Mexican photographer Pablo López Luz started taking aerial photographs of the U.S.-Mexico border in 2014 ― long before President-elect Donald Trump made the construction of a border wall the central promise of his campaign.
Luz’s idea was “to show that the landscape does not change much on either side of the border, and that it’s man who’s dividing the territory between north and south, good and bad,” he told HuffPost Mexico.
He spent 17 hours taking aerial photographs of the border, making several trips from Tijuana to Ciudad Juárez and from El Paso to San Diego.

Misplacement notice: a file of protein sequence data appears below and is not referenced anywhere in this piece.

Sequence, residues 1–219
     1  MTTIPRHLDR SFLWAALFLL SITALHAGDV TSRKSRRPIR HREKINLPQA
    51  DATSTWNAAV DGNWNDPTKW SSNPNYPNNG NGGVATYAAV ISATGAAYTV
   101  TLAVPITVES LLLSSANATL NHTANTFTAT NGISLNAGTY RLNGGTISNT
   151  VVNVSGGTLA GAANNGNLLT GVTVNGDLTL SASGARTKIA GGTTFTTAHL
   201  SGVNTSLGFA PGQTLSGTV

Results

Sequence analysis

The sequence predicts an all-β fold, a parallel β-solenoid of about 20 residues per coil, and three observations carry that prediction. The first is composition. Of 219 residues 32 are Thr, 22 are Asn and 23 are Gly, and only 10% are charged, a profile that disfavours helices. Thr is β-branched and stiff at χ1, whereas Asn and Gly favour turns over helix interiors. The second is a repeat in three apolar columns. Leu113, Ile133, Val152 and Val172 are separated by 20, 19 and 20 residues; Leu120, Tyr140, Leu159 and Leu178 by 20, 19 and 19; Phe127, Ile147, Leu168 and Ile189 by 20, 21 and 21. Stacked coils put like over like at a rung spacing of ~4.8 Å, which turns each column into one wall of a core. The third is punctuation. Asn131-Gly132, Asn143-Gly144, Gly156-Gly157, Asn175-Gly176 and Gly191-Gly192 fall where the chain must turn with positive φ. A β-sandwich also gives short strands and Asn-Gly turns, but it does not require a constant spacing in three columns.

“Although it was possible to take the photographs with a drone, I was more interested in flying over the border to understand it in person,” Luz said.
One key discovery, he said, was that “most of this territory can’t even be crossed.”
“In most cases, the border is an inhospitable desert, an abandoned space, a scar in the landscape,” Luz continued.
The photographer echoes experts’ assessments on the grave topographical obstacles that building a wall would entail.
“When you see the border from the air, you understand how absurd the wall would be,” Luz said.
Scroll down to see some of Luz’s photographs:
This piece originally appeared on HuffPost Mexico. It has been translated into English and edited for clarity.